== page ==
God Knows MY Complexity, Mystery and Worth: “For You formed my inward parts; You wove me in my mother’s womb. I will give thanks to You, for I am fearfully and wonderfully made… My frame was not hidden from You, when I was made in secret, and skillfully wrought in the depths of the earth; Your eyes have seen my unformed substance; and in Your book were all written the days that were ordained for me, when as yet there was not one of them.”
This idea, that the Psalmist has not grasped his own worth, is expanded on here. God sees and knows things about the Psalmist that he could never know about himself. The images of being woven together, of unformed substance, and the formation of frame and inward parts – suggest a very intimate act of creation – of the care and pride taken by God in making a person – in the development and purpose of a person.
In fact, this understanding, says the Psalmist, is so vast and so amazing that when I begin to think about it, I lose consciousness – and when I regain consciousness, God is still there, dwelling on, taking delight in, the person he has made, “How precious also are Your thoughts to me, O God! How vast is the sum of them! If I should count them, they would outnumber the sand. When I awake, I am still with You.” (vs.17-18). This is what the Psalmist has come to see – the ray of hope that has inspired his song and his thankfulness in the midst of depression – that God is taking delight in knowing him – and that, therefore, he has worth.
Therefore, I Will Call On God to Help Me.
I Will Express My Anger: “O that You would slay the wicked, O God; Depart from me, therefore, men of bloodshed. For they speak against You wickedly, and Your enemies take Your name in vain.”
Unless we see the things the Psalmist is working through in the Psalm, these verses would make no sense – they would be a rant at the end of what would otherwise be a very positive Psalm. But now, we see that the Psalmist is finally expressing what he was working up to – his anger at evil men – the enemies of God. He wants God to destroy evil people – those who speak against God.
However, in the next few lines, he also begins to express a level of anger and hatred that he, himself is uncomfortable with… “Do I not hate those who hate You, O Lord? And do I not loathe those who rise up against You? I hate them with the utmost hatred; They have become my enemies.” This is more than just an impersonal response to evil men – the Psalmist seems to be responding in a very personal and angry way towards those who have done him wrong – and who, in doing so, have spoken against God – without seeming to have suffered any consequence. What the Psalmist expresses here is rage and longing and sorrow. And this is also part of the Psalm. Psalm 139 does not say, “God understands, so get over it” – rather, the Psalmist wants us to find a true expression for our anger and sorrow, and perhaps freedom.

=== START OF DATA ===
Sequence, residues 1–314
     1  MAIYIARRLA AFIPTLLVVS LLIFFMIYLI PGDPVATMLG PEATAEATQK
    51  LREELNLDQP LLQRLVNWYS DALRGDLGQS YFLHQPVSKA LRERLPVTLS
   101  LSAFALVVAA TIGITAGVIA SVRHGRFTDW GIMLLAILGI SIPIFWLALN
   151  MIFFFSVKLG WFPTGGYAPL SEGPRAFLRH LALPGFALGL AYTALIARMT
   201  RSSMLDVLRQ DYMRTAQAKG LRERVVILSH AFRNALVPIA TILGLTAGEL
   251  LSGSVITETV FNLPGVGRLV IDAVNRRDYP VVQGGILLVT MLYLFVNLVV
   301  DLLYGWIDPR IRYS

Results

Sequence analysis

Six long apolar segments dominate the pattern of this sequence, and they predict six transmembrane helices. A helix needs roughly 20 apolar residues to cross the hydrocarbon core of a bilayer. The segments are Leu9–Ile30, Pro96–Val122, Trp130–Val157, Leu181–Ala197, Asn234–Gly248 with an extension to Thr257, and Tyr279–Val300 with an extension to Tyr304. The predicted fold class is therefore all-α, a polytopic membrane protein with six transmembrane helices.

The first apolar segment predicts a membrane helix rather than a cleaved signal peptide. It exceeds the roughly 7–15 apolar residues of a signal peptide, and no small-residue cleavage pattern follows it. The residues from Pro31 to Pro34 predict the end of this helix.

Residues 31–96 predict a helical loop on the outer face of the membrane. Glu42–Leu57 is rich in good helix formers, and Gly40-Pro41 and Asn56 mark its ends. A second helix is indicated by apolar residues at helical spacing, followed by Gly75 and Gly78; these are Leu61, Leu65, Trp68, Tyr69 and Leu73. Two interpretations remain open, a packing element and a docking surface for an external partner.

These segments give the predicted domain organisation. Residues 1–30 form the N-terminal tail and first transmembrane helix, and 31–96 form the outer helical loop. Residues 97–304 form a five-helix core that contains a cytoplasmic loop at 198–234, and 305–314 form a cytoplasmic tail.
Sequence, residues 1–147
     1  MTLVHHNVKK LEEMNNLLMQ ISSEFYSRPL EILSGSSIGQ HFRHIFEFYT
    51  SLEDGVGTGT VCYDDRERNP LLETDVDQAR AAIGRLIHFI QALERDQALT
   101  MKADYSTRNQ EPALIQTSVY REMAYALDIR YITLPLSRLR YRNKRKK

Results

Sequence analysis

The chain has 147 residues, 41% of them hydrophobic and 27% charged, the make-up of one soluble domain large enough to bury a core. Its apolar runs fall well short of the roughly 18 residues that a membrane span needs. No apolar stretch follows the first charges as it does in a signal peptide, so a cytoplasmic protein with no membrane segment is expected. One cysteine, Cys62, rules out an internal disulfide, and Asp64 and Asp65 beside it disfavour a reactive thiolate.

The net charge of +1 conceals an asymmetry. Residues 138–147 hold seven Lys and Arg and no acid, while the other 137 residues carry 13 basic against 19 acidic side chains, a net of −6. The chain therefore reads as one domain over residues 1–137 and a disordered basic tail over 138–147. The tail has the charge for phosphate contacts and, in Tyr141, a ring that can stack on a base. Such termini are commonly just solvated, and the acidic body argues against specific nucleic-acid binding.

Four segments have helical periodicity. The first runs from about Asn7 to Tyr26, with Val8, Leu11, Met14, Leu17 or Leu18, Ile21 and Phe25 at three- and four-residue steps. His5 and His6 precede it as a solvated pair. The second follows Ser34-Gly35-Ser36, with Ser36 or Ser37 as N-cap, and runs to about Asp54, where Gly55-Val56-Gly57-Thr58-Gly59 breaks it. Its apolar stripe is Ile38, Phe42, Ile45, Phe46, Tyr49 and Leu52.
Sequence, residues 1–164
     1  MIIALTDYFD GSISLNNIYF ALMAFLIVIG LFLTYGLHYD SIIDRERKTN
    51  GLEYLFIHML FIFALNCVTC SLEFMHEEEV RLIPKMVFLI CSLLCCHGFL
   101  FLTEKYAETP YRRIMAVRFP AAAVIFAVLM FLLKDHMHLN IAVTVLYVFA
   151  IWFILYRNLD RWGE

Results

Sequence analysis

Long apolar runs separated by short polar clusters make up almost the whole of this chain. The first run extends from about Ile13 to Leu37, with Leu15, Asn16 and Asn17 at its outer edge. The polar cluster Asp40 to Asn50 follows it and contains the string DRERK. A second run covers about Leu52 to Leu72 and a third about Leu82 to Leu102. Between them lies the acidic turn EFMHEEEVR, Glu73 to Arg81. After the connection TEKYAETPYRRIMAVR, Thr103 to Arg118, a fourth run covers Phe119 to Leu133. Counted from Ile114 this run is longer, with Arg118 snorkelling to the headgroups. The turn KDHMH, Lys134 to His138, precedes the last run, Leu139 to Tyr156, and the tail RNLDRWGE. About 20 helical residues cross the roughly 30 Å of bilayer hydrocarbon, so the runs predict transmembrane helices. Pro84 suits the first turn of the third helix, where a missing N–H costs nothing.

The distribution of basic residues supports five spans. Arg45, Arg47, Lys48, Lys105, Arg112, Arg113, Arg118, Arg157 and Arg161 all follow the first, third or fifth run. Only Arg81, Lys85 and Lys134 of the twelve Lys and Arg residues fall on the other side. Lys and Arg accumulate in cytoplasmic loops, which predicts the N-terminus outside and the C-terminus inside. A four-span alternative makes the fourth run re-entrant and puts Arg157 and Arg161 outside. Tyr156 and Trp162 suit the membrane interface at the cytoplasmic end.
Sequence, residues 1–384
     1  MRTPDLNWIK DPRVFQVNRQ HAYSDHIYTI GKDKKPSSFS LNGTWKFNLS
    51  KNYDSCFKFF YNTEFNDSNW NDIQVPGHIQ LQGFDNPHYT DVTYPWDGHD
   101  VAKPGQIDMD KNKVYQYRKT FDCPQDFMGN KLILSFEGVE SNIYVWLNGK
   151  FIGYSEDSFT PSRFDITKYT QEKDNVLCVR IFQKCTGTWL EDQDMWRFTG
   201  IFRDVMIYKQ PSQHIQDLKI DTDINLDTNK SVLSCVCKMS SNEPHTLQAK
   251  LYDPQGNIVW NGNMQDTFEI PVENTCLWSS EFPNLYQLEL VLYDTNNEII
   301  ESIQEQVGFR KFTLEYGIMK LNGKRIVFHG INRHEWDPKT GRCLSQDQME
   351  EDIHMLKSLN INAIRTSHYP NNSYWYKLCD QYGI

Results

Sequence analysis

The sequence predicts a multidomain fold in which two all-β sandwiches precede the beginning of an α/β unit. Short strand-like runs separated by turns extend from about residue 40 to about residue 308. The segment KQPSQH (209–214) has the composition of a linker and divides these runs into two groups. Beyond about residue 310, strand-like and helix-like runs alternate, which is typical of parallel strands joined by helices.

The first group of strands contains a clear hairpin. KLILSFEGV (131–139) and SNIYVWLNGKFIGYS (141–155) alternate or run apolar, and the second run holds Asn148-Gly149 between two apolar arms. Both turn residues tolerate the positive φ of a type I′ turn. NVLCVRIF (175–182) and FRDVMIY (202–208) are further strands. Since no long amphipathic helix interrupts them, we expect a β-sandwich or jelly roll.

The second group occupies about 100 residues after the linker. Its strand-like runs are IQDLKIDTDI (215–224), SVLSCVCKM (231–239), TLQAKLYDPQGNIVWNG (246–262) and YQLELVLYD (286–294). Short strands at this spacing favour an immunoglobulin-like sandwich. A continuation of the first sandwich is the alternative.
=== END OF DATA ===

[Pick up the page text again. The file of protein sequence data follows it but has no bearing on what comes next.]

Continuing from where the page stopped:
Help Me: How do we find our way out of the self hatred, guilt, hopelessness and helplessness of depression? This is no easy method – and there is no easy method – which is, perhaps, why the Psalm ends with a prayer…
- “Search me, O God, and know my heart” – We need to be known. The Psalmist invites God to know him completely – to know his heart – which he has already said God knows. Nevertheless, he has come to a point where he is saying that he does not want to push God away any longer.
- “Try me, and know my anxious thoughts” – The life of depression is in the anxious, condemning, fearful thoughts to which we cling for reasons we do not understand. The Psalmist invites God to weigh and question and judge the worth of these thoughts – and to bring renewed understanding.
- “See if there is any hurtful way in me” – Depression maintains itself through “hurtful ways”, or habits and behaviors which feed into guilt and self loathing and isolation. The Psalmist asks God to reveal any of these things that might be maintaining his brokenness.
- “And lead me in the everlasting way” – Finally, the prayer of the Psalmist is that God will lead him into true ways of understanding, believing, living – into life and light.